(Naomi Seidman: “Elie Wiesel and the Scandal of Jewish Rage.” In: Jewish Social Studies 3 (1996), No. 1, pp. 1–19, here p. 8.)
 f  “Now, ten years after Buchenwald, I see that the world is forgetting. Germany is a sovereign state. The German army has been resurrected. Ilse Koch, the cheerfully sadistic ‘Bitch of Buchenwald,’ has children and is happy. War criminals stroll on the streets of Hamburg and Munich. The past is being erased. Forgotten.”
(Eliezer Wiesel: ... און די וועלט האָט געשוויגן [...and the World Remained Silent] (Buenos Aires: Union Central Israelita Polaca en la Argentina, 1956), p. 245. (Transl. KL))

In essays and in his autobiography, too, Elie Wiesel tells how he vowed after liberation in 1945 that he would remain silent for 10 years, to make certain that what he was going to say would be true—and during this time to unite the language of man with the silence of the dead.  a  In 1954, on board a ship sailing from France to Brazil, he wrote down his memoirs, “to testify, to stop the dead from dying, to justify my own survival.”[1]  b  In Buenos Aires he gave this manuscript, written in Yiddish, to the publisher Mark Turkow, who published it in 1956 as ... און די וועלט האָט געשוויגן (…Un di Velt Hot Geshvign; And the World Remained Silent). Wiesel reworked his account and cut it down heavily for the French version, called La Nuit (Engl. Night, 1960), which was published by Éditions de Minuit in 1958 with the support of François Mauriac, who also wrote the preface. This edition, the basis of numerous translations and of the way Elie Wiesel’s story was received internationally, especially in the United States, established his significance as a public figure. Interestingly, the Yiddish account gives a different version of Elie Wiesel’s handling of his memories right after liberation: “I stayed in bed for several days [in Buchenwald, in the infirmary], jotting down notes for the work that you, dear reader, now hold in your hands.”[2]


The Yiddish account appeared as the 117th volume in a series called דאָס פּוילישע יידנטום (Dos Poylishe Yidntum; Polish Jewry), in which several other survivor testimonies had already appeared. Thus he took his place in an already existing genre—Yiddish memoirs of the Holocaust—which placed great value on documentation, on historical details and giving the names of victims of the Holocaust. The French edition, by contrast, lacks this genre-specific background and speaks to a mostly Christian audience, and the historical, documentary aspect recedes here in favor of the literary.[3] Thus, in Naomi Seidman’s words, a “Yiddish documentary testimony” turned into a “mytho-poetic narrative” of the Holocaust that develops a strong literary impact.[4]


The Yiddish account is divided into eight chapters, beginning with remarks on the historical situation in Sighet, Transsylvania; the period of the German military invasion and thus the start of the deportations; and the Jewish population’s misjudgement of the situation. The images of deportation left a deep impression in the memory of the narrator, as he explains. In contrast, the story in Night begins much more abruptly, by introducing the character of the synagogue sexton Moshe, who warns the Wiesel family but is not taken seriously. Night consists of many short narrative segments that are separated by blank spaces: moments of silence. In this way they produce impressive scenes that concentrate on the experience of Eliezer, the first-person narrator, and on images and actions. Wiesel thus creates a host of vivid scenes instead of interpreting the happenings themselves in detail or placing them in context; the thing portrayed speaks “for itself” in the form of its portrayal. Only occasionally do reflections from the narrator’s retrospective point of view break through Eliezer’s directly presented intellectual world.  c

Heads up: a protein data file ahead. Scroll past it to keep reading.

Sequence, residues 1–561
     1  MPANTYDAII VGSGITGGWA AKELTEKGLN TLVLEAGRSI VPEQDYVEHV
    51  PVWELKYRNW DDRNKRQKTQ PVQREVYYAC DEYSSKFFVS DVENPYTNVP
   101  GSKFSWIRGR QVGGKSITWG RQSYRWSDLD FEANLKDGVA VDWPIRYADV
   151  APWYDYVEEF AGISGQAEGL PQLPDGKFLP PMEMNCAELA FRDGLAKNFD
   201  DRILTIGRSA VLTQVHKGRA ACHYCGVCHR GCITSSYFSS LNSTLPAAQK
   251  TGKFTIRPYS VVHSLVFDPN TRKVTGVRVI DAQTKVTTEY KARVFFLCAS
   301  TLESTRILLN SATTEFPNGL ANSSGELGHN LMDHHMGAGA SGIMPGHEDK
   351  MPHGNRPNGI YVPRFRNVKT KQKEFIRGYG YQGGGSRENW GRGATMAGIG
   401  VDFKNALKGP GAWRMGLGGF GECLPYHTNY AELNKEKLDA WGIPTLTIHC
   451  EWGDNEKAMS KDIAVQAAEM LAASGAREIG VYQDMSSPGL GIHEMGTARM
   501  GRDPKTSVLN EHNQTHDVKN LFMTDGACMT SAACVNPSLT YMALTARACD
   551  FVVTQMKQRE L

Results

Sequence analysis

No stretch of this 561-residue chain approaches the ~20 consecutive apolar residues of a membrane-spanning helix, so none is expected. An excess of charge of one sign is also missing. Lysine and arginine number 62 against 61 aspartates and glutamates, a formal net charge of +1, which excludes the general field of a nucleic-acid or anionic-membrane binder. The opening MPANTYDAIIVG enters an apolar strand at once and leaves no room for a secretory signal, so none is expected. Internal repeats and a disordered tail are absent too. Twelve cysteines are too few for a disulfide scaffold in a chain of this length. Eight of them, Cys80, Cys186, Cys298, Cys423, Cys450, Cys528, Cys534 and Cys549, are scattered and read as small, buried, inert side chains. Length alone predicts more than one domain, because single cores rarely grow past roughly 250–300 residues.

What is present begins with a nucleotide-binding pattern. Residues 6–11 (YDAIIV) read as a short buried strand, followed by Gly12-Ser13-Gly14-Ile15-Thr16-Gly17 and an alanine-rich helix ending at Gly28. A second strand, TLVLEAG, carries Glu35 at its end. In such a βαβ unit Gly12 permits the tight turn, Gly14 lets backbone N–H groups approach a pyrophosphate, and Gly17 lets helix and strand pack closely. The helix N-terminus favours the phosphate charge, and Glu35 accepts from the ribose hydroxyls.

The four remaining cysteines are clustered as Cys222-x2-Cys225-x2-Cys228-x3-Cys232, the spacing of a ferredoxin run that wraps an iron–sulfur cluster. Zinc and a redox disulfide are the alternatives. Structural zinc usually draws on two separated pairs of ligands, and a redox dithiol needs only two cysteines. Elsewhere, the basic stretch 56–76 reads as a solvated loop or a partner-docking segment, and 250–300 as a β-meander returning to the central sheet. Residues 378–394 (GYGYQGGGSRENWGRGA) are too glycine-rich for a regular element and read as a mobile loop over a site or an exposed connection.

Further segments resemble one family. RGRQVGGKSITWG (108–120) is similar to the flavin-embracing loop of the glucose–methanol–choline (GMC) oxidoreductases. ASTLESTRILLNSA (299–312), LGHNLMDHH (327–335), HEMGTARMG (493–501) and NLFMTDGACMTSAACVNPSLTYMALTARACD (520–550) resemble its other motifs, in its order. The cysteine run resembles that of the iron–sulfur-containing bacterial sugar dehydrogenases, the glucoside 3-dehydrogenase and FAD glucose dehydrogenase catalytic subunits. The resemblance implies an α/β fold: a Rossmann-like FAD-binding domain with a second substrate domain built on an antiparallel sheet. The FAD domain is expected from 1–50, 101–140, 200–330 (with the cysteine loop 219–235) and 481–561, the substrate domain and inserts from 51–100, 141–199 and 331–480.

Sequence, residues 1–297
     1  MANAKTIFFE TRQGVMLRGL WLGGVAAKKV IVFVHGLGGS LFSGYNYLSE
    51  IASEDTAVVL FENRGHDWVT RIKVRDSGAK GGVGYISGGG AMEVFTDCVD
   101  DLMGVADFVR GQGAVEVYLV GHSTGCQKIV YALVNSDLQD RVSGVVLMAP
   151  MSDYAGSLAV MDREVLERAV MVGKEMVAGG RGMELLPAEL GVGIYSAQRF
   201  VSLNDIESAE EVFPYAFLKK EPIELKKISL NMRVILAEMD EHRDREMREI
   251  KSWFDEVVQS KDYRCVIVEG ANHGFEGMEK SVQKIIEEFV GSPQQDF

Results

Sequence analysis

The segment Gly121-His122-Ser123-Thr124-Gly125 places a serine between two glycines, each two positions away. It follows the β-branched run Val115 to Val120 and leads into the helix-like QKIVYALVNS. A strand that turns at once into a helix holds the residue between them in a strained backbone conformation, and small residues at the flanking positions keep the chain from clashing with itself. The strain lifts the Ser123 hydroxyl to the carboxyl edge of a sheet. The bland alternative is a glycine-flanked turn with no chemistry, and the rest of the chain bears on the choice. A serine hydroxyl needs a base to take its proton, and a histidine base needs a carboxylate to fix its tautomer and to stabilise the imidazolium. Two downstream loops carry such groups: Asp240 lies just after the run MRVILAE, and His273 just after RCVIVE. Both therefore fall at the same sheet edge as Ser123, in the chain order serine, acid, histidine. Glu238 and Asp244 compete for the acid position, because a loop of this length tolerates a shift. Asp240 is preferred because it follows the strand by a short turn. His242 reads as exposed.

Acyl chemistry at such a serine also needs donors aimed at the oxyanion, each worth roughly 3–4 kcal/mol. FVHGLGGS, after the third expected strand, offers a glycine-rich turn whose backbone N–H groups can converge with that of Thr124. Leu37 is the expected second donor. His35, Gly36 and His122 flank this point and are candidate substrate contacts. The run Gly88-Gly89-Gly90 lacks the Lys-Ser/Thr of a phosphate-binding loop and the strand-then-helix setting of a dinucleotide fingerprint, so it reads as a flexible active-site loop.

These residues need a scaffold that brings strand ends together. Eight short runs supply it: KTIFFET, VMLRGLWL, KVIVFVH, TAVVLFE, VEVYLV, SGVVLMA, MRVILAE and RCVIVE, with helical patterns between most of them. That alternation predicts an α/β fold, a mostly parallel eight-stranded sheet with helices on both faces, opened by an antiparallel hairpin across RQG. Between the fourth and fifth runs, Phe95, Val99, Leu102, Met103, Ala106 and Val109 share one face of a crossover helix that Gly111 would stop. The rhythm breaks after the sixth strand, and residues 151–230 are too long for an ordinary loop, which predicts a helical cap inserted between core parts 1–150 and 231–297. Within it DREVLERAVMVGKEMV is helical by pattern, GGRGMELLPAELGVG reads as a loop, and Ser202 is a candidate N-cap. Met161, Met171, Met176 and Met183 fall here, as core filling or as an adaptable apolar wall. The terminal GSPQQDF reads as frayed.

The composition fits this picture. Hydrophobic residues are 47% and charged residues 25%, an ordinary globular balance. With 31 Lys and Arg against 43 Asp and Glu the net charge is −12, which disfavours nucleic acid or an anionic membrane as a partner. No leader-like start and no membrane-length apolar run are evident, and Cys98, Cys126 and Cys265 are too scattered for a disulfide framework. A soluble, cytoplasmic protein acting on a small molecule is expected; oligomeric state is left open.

Thus we learn about the deportation from Sighet to Auschwitz, about numerous events and aspects of life in the Buna/Monowitz concentration camp, where Eliezer and his father are sent by the SS after the selection process in Auschwitz, about the death march in which they are forced to take part, and finally about his father’s death in the Buchenwald concentration camp. In the course of this, Wiesel constructs literary images, such as Mrs. Schächter’s vision of a fiery glow in the deportation train  d , that align with the habits of reception common to readers of narrative literature so as to suggest to the reading audience additional possibilities of interpretation besides what is concretely related, be they centered on the progress of the action as events predetermined by fate, as in the case of the vision of fire with its mythical overtones, or on a cultural and theological conceptual and interpretive framework that goes beyond the present text. Night thus goes beyond the immediate personal aim of a survivor to bear witness to his story. Branded on readers’ memories are literary images that challenge them to reflect on the meaning of the Holocaust for the life of every human being—not only that of the one survivor giving this account. At the same time, in Night Wiesel repeatedly emphasizes the meaning of silence: a preservation of what is unsayable about Auschwitz. The resulting mystification of Auschwitz, particularly in Wiesel’s later writings, continues to be viewed quite critically.  e